As with any curious and intelligent creature, our horses have a tendency to find ways to injure themselves, come down with colic or infections, or simply need a new blanket during the middle of winter! Common sense tells us an emergency fund can help us to maintain profitability during these unexpected times while allowing us to provide the best care. Establishing such a fund can be challenging since owners preoccupied with everyday expenses, never mind the overwhelming theories of how much to save. Despite the challenges, your financial health is an essential consideration as an owner/breeder or when expanding your lot.
Our past experiences show a high probability that when a horse comes down with something, there may be more than one issue. Combinations of treatments, vet visits, supplies and medication quickly eat away at any cash reserve. When clients ask whether to have an emergency fund, without hesitation we explain this is a MUST. Below we outline three factors to consider when developing your emergency fund.
Three Factors to Develop Your Equine Emergency Fund
First, determine the maximum deductible you could have to pay, assuming the horse is insured. Usually, the deductible has to be paid immediately, and most veterinarians require a sizable deposit before services commence. It can take a few weeks until the insurance company reimburses you, so knowing the amount of cash you need, and keeping a fund for veterinary emergencies will allow you to move forward with the care your horse needs.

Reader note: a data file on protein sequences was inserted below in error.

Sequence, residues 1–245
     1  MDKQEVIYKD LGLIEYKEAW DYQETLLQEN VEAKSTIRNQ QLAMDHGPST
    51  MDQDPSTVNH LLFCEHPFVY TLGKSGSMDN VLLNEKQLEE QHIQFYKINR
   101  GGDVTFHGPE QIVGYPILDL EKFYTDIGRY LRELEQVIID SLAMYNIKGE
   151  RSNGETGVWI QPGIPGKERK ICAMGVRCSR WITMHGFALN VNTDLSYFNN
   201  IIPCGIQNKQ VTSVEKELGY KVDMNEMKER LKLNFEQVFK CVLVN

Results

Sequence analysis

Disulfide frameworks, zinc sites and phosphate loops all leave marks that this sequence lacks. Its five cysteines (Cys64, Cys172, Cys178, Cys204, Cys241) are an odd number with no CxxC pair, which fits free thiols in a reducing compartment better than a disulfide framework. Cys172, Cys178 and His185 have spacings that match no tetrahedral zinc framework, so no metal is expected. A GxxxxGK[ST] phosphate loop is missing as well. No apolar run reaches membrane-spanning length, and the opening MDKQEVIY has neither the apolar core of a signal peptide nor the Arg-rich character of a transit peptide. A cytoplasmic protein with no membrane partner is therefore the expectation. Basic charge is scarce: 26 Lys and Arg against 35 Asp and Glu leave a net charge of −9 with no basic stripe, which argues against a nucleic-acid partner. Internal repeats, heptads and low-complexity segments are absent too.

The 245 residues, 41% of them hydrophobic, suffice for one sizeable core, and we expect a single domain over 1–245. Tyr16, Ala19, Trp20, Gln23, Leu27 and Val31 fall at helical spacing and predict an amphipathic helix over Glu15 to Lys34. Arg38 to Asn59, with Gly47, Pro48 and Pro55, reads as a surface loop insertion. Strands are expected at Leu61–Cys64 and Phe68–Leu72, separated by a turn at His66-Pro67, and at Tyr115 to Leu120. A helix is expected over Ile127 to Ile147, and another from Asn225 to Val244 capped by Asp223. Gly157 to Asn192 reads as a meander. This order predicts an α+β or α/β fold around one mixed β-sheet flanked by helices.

The second consideration is to determine how much cash you would need to care for your horse if your employment or circumstances changed. How long would it be until things are back to normal? Three months? Six months? For example, to establish a three-month cushion, you would need, at minimum, funds to cover the monthly board, feed and other horse costs times three.
Lastly, consider how you will establish your emergency fund. If funds are tight, using a budget method, incorporated into your overall finances, works well to build your fund. You can start by automatically setting aside a designated amount (e.g., $25.00) each month, transferred to a savings account. Most banks allow automatic transfer, which is an easy way to consistently increase or get started on an emergency fund.
Weighing Emergency Fund Approaches
Many horse owners we speak with tend to rely on a credit card to cover emergencies. The danger is that cash is still required to pay back the credit card debt; meanwhile, interest accrues. One season of emergency needs could mean years of trying to recover financially.
Generally, an automatic transfer is probably the best method to build your emergency fund. Since the overall costs of owning a horse can wear on your financial health, a dedicated and consistent process allows you to always have a buffer.
Toward Equine Industry Financial Health
Our next post will discuss how to create a business plan build the financial health of your horse business. Creating a clear business plan, consulting financial experts, and establishing an emergency fund all work to build the financial health of your equine business. This will allow you to keep your focus on caring and enjoying your beautiful horse!